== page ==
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Forecast: More seasonable temperatures expected

Issued December 17, 2018: Covering the period from December 19 to December 30

This map shows the total amount of precipitation that has fallen across the Prairies so far this winter (Nov. 1 to Dec. 13) as a percentage of average. It has been very dry across much of Manitoba, eastern Saskatchewan and far western Alberta. In between, much of Alberta and western Saskatchewan have seen near- to above-average amounts.

The only issue with last week’s forecast was underestimating the magnitude of the warm air last Friday and Saturday, as temperatures in most locations across southern and central Manitoba managed to rise several degrees above 0 C. Of particular interest was just how warm some of the overnight lows were, with temperatures actually rising overnight before cooling off toward morning.

This forecast period will begin with what looks to be the last of the unseasonably mild weather, as an area of low pressure moves in from the northwest on Wednesday. This low will flatten the warm ridge of high pressure and bring with it a chance of showers at first, followed by a few flurries or some light snow as the low drags a cold front through our region. Thursday should see a mix of sun and clouds along with fairly mild temperatures as a second stronger area of low pressure begins to push eastward from the Pacific. We should see increasing clouds on Friday as the weather models track this system through the Interlake over the weekend. If the low keeps this track, most of the snowfall will take place across north-central and far eastern regions, with a few centimetres of accumulation expected.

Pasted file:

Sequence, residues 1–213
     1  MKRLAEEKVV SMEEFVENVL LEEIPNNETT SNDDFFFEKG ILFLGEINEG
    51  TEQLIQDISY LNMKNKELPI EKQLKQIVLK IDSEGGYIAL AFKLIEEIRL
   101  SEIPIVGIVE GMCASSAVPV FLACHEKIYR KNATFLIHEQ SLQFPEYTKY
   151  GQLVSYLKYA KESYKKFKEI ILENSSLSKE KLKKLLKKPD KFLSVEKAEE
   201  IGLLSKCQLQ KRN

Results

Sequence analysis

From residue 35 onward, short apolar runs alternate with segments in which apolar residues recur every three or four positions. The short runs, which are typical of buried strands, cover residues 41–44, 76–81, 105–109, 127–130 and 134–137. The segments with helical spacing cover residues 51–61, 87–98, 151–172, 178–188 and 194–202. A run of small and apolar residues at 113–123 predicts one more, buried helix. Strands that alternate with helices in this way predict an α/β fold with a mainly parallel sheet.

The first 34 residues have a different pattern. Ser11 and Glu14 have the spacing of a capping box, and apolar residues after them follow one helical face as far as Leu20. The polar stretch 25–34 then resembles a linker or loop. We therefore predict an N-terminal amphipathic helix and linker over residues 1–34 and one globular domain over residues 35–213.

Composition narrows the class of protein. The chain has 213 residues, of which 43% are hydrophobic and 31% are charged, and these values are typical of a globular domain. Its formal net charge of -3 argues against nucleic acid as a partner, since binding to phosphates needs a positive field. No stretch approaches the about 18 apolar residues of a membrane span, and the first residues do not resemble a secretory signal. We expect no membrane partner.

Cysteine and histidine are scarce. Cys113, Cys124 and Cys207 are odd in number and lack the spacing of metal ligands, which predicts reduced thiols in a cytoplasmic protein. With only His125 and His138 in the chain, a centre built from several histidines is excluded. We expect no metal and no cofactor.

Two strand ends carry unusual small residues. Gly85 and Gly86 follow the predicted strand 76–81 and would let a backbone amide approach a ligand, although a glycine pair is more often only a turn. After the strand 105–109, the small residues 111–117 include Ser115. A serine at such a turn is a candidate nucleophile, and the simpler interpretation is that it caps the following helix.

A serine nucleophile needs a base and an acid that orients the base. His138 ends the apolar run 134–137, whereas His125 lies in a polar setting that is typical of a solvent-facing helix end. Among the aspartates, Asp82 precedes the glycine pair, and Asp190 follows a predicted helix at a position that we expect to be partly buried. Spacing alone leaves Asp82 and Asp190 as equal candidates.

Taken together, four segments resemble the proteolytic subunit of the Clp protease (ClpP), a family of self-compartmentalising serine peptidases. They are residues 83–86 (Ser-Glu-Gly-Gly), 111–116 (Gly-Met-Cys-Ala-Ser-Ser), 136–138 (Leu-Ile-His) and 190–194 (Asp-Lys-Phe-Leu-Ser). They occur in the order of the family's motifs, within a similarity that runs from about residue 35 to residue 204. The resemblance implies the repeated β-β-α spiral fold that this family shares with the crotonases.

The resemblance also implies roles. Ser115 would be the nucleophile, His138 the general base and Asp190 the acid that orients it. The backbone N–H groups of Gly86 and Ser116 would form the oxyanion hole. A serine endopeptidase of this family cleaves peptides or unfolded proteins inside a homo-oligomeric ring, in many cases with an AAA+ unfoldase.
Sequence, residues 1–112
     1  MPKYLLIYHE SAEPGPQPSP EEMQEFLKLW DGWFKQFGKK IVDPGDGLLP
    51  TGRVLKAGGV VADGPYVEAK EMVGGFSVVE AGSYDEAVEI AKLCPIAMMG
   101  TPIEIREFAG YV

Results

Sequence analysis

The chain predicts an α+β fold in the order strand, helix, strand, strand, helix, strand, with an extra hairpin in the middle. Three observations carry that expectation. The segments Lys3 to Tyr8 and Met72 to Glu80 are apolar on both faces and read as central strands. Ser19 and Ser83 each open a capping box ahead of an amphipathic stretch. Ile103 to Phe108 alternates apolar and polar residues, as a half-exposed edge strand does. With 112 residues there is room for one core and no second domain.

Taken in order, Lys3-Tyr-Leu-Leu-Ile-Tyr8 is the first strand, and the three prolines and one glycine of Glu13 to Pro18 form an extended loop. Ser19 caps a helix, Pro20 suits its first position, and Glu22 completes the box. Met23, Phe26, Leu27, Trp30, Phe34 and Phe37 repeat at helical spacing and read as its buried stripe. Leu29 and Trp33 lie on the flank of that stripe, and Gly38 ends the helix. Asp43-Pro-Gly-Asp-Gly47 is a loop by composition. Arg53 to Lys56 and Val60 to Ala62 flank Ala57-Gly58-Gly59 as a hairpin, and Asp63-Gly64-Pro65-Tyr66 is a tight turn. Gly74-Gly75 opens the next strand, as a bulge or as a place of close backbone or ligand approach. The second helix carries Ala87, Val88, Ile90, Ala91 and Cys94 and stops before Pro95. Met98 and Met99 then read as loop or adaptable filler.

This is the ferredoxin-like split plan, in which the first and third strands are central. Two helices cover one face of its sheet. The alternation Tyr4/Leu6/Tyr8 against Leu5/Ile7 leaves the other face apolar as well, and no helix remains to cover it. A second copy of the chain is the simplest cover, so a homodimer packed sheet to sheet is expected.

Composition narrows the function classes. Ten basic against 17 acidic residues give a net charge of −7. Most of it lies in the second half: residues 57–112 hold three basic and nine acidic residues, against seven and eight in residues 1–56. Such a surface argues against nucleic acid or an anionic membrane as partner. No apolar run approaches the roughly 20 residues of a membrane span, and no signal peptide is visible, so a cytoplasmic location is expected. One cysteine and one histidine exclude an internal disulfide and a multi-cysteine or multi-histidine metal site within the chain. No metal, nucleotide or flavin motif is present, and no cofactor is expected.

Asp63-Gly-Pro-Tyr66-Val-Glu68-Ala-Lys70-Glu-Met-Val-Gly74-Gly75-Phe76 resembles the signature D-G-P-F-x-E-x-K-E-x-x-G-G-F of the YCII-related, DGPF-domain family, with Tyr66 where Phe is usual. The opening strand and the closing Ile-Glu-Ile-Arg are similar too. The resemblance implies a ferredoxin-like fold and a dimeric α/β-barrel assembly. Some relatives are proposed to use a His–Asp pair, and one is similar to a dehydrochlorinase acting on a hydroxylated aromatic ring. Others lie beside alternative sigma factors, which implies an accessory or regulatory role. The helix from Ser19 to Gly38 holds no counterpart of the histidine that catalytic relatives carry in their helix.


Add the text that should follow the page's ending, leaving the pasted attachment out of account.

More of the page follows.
Arctic high pressure is then forecast to build in from the north on Sunday and Monday, bringing with it sunny skies and seasonable temperatures. Expect daytime highs to be in the -12 C range by Christmas Eve, with overnight lows in the -18 to -22 C range. On Christmas Day, the weather models show a weak area of low pressure tracking through the Dakotas that will bring some clouds and some flurries to extreme southern regions.

Looking further ahead, it looks like another area of arctic high pressure will slip by to our northeast during the second half of next week, bringing with it plenty of sunshine and seasonable temperatures. Currently, it looks like the coldest air will stay well to our north. We then have to keep our eyes on a system forecast to develop late next week, which could bring us our first significant snowfall in quite a while.

Usual temperature range for this period: Highs, -20 to -4 C; lows, -29 to -12 C.

About the author

Co-operator contributor

Daniel Bezte

Daniel Bezte is a teacher by profession with a BA (Hon.) in geography, specializing in climatology, from the U of W. He operates a computerized weather station near Birds Hill Park.



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